April is National Move More Month which encourages people to get moving! This is truly a month for everyone – focused on promoting sustained, ongoing activity at your own individual pace. For those dealing with arthritis or other conditions that cause joint pain, movement is even more important for managing your symptoms. Consistent exercise can help maintain joint flexibility and reduce discomfort.
For many people, activity levels tend to plateau during the winter months. According to two-thirds of Americans, their amount of physical activity decreased over the winter. Who doesn’t want to spend the coldest season of the year curled up on the couch in front of the fire watching movies?
This spring, consider making the commitment to yourself to get outside more often. These 5 simple ways to move more can help you ditch your winter blues while creating a new exercise routine. It’s never too late to start!
- Schedule exercise into your day. We know that one of the hardest things about living an active lifestyle is finding the time for the activities you enjoy. Between work and family priorities, it can be tricky to even fit in a walk around the neighborhood, let alone a trip to your gym. Our advice? Start small and build movement into each day. This can mean starting your day earlier and taking a quick morning walk, scheduling time on your work calendar to get outside during lunch, or even prioritizing an afternoon stretching session. Once you make movement part of your routine, you may find it’s easier to stay active over time.
- Be patient with yourself. When starting a new exercise routine, you might be inclined to push yourself to improve overnight. But going from no activity to pressuring yourself to work out 5 times a week is easier said than done. Instead of aiming high at first, we encourage you to remember that even baby steps make a difference. If you’re starting from zero, set reasonable, achievable goals to begin with – maybe it’s as simple as an evening walk 2-3 times a week. Not only will you be setting clear intentions, but you’ll limit the risk of overdoing it too quickly.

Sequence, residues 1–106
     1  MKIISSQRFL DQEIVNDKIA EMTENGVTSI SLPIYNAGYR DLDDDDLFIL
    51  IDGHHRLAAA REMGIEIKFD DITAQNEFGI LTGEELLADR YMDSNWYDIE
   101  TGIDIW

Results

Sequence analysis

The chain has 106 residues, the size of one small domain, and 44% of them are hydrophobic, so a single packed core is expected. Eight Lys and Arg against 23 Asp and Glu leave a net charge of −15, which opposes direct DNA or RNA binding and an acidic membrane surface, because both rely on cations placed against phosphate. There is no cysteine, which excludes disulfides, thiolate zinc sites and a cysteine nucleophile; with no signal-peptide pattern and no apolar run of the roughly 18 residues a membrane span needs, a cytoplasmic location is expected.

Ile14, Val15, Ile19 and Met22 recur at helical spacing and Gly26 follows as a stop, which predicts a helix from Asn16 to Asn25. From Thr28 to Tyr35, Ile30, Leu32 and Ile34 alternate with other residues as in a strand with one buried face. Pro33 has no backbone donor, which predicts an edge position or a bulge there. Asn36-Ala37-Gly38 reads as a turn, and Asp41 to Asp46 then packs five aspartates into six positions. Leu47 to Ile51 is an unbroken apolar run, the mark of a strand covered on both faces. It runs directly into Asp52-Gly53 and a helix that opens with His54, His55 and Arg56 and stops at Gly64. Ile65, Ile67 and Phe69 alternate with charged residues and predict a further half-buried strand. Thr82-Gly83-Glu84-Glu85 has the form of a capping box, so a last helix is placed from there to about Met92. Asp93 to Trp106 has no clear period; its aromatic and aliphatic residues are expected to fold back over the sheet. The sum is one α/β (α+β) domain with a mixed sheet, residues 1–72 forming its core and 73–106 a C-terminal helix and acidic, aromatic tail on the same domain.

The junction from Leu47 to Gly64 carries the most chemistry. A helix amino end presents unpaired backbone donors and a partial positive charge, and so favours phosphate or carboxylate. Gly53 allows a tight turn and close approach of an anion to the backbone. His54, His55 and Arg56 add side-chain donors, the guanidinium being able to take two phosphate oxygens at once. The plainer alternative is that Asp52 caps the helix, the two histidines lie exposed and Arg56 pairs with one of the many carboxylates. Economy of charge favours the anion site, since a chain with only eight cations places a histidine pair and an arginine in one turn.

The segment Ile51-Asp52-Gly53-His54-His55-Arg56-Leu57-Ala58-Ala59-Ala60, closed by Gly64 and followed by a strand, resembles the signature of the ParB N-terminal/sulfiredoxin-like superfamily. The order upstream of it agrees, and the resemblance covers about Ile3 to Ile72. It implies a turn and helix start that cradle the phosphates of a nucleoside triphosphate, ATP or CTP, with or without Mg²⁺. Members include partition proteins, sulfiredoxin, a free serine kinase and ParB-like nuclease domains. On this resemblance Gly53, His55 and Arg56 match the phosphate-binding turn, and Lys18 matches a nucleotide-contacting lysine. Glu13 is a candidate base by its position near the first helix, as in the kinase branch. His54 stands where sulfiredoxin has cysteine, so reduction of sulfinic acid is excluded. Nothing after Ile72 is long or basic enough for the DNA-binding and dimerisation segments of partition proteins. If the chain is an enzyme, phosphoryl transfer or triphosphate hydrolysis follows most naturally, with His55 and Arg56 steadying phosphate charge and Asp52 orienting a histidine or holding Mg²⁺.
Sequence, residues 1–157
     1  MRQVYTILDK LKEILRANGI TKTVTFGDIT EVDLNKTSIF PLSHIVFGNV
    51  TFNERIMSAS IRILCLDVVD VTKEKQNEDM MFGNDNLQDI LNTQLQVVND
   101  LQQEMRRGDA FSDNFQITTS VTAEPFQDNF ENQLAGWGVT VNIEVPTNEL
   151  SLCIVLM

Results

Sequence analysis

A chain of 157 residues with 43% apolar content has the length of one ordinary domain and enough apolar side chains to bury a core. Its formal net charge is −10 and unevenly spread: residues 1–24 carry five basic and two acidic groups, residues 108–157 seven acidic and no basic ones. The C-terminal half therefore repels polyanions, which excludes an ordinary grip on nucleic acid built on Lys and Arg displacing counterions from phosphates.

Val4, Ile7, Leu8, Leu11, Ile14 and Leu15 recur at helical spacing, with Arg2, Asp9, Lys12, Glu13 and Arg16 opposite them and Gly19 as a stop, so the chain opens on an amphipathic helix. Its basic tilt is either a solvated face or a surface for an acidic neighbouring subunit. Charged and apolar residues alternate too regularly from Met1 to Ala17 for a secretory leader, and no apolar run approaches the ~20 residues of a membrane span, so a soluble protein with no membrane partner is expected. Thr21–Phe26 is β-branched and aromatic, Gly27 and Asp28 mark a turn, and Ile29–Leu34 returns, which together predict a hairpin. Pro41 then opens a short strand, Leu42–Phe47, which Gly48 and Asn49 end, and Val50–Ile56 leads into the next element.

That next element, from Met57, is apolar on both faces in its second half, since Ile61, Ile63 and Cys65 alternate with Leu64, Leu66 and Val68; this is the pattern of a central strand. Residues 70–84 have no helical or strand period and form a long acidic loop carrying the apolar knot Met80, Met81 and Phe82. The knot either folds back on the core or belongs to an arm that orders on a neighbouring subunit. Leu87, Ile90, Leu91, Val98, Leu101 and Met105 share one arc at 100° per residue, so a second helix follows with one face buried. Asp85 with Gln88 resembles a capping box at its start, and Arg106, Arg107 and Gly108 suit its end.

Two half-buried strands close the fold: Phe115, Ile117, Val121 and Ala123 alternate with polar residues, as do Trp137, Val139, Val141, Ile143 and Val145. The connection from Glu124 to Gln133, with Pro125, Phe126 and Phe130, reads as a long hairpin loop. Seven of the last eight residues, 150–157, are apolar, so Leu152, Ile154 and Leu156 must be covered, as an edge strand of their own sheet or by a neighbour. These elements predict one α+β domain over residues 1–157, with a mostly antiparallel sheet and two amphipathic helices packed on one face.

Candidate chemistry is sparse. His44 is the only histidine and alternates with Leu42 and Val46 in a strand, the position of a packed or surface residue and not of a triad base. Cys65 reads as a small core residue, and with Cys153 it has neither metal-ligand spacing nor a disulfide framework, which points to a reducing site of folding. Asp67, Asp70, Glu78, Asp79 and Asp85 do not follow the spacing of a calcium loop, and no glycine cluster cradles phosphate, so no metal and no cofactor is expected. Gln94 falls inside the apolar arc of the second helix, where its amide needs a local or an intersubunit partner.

- Grab a buddy to keep you honest. Exercise doesn’t have to be a solo activity. In fact, you might find it easier to keep active if you coordinate with friends or family members. Coordinate with a neighbor or friend for that early morning walk, or encourage a family member to join you for your evening stroll. If one of your friends is eager to get moving, invite them to a local fitness class like Zumba or Yoga, or find a local intramural sports league to join. By being accountable to another person, active living won’t just be a task in your daily routine but central to your social life.
- Pick up seasonal activities. Since it’s spring, you might as well get outside and enjoy the fresh air. Hit the golf course or putting green or take up gardening. Baseball and softball are often played in the spring and your local recreation department may have options for you to play casually. Outdoor activities are a great way to add more movement into your life, while also making the most of nice weather.
5. Listen to your body. As we’ve shared before, listening to your body and knowing when to take it easy or stop exercising is key. It’s normal to experience some muscle soreness, especially if you’re picking up a new activity. But ongoing, severe pain may indicate injury. If you have any concerns, consult your doctor.
For both high-impact and low-impact activities, you can take inspiration from some of our patient success stories. From playing softball to yoga, our patients are keeping up with the activities they love all year round.